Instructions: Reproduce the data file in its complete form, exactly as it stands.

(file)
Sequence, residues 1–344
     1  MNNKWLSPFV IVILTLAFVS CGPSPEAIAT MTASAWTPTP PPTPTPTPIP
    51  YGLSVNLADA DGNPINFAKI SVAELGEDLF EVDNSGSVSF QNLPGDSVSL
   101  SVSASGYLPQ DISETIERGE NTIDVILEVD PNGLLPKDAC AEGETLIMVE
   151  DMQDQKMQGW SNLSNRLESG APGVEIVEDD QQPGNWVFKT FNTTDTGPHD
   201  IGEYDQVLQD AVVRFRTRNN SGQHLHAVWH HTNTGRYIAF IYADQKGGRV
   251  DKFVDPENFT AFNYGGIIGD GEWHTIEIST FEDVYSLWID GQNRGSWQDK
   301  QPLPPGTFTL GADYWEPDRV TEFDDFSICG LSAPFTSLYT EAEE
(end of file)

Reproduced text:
Sequence, residues 1–344
     1  MNNKWLSPFV IVILTLAFVS CGPSPEAIAT MTASAWTPTP PPTPTPTPIP
    51  YGLSVNLADA DGNPINFAKI SVAELGEDLF EVDNSGSVSF QNLPGDSVSL
   101  SVSASGYLPQ DISETIERGE NTIDVILEVD PNGLLPKDAC AEGETLIMVE
   151  DMQDQKMQGW SNLSNRLESG APGVEIVEDD QQPGNWVFKT FNTTDTGPHD
   201  IGEYDQVLQD AVVRFRTRNN SGQHLHAVWH HTNTGRYIAF IYADQKGGRV
   251  DKFVDPENFT AFNYGGIIGD GEWHTIEIST FEDVYSLWID GQNRGSWQDK
   301  QPLPPGTFTL GADYWEPDRV TEFDDFSICG LSAPFTSLYT EAEE